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Abstract: Poster Presentations |

THE IMPACT OF INCLUDING A PHYSICIAN ALERT ACCOMPANYING PULMONARY FUNCTION (PFT) RESULTS ON TESTING FOR AND DETECTION OF ALPHA-1 ANTITRYPSIN DEFICIENCY FREE TO VIEW

Franck F. Rahaghi, MD, MH*; Ismael Ortega, MD; Deborah Schrager, RRT; Terre Schott, CPFT; Eduardo Oliveira, MD; Laurence Smolley, MD; James K. Stoller, MD, MS
Author and Funding Information

Cleveland Clinic Florida, Fort Lauderdale/ Weston, FL


Chest


Chest. 2007;132(4_MeetingAbstracts):523c-524. doi:10.1378/chest.132.4_MeetingAbstracts.523c
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Abstract

PURPOSE: Alpha-1 antitrypsin deficiency (AATD) is under-recognized by clinicians, with long diagnostic delays between patients’ (pts) first symptom and initial diagnosis. Recent recommendations by official societies encourage testing for AATD in all symptomatic adults with spirometric evidence of COPD, though compliance with this recommendation has been variable. This study examines whether issuing an alert to physicians receiving PFT reports showing COPD would encourage testing for and detection of AATD.

METHODS: For 6 months, the following physician alert was added to the paper copy of PFT reports of pts with airflow obstruction of GOLD Stage I or higher: “The American Thoracic Society recommends testing for AATD in all patients with FEV1< 80% predicted and FEV1/FVC less than 0.70, if clinically indicated. Appropriate counseling suggested.” The primary outcome measure was the frequency of testing for AATD as measured by blood tests sent to several laboratories. A secondary outcome measure was the frequency with which serum levels indicated severe AATD.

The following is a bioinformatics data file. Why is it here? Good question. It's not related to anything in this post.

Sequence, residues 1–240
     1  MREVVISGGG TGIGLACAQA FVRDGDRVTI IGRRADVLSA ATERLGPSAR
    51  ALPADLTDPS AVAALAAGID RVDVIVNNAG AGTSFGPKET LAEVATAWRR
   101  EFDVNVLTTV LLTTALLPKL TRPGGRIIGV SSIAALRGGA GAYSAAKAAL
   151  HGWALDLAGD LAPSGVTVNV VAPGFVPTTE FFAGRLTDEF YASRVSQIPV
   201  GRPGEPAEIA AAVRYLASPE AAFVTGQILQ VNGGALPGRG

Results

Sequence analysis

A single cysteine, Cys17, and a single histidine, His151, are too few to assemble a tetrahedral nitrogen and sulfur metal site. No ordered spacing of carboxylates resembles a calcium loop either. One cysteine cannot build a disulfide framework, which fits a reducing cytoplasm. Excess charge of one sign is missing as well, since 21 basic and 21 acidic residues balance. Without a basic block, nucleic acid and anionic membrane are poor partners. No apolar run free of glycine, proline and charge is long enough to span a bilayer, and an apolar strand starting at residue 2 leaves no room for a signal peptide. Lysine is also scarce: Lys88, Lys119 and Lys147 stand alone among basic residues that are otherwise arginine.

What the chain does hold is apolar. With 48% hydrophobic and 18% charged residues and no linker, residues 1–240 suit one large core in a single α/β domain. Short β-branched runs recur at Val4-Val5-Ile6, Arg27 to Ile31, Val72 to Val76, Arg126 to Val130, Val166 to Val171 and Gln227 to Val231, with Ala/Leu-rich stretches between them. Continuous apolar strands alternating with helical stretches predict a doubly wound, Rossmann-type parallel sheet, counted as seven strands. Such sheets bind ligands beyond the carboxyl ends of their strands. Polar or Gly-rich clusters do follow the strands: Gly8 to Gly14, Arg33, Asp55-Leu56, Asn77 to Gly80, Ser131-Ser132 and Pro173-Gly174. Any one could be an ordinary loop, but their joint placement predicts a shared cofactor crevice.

RESULTS: During the “pre-alert period,” 821 spirometry tests were performed at the Cleveland Clinic Weston; 178 pts of these 821 unique patients (22%) satisfied spirometric criteria of ≥ GOLD Stage I and 11 (6%) were tested for AATD. In contrast, during the physician alert intervention period, 689 spirometry tests were performed on 689 unique pts, of whom 140 (20%) satisfied criteria for ≥ GOLD I airflow obstruction; AAT serum levels were sent more frequently (18 [13%], p = 0.04). No pts with AATD were identified during the study.

CONCLUSION: Implementing a physician alert on PFT reports of pts with COPD can increase physicians’ testing for AATD. Failure to detect pts with AATD in this series may reflect the low absolute number of patients tested.

CLINICAL IMPLICATIONS: Only a minority of “at risk” pts are tested, suggesting the need for this and additional strategies to encourage compliance with available guidelines.

DISCLOSURE: Franck Rahaghi, No Product/Research Disclosure Information; Grant monies (from industry related sources) Reasearch Funded by Cleveland Clinic Florida Pulmonary Education fund: supported in part by a grant from Baxter Healthcare, Inc.; Consultant fee, speaker bureau, advisory committee, etc. Dr. Rahaghi has attended advisory meetings or has been sponsored for speaking engagements by Baxter Healthcare Inc. and CSL Behring.

Wednesday, October 24, 2007

12:30 PM - 2:00 PM


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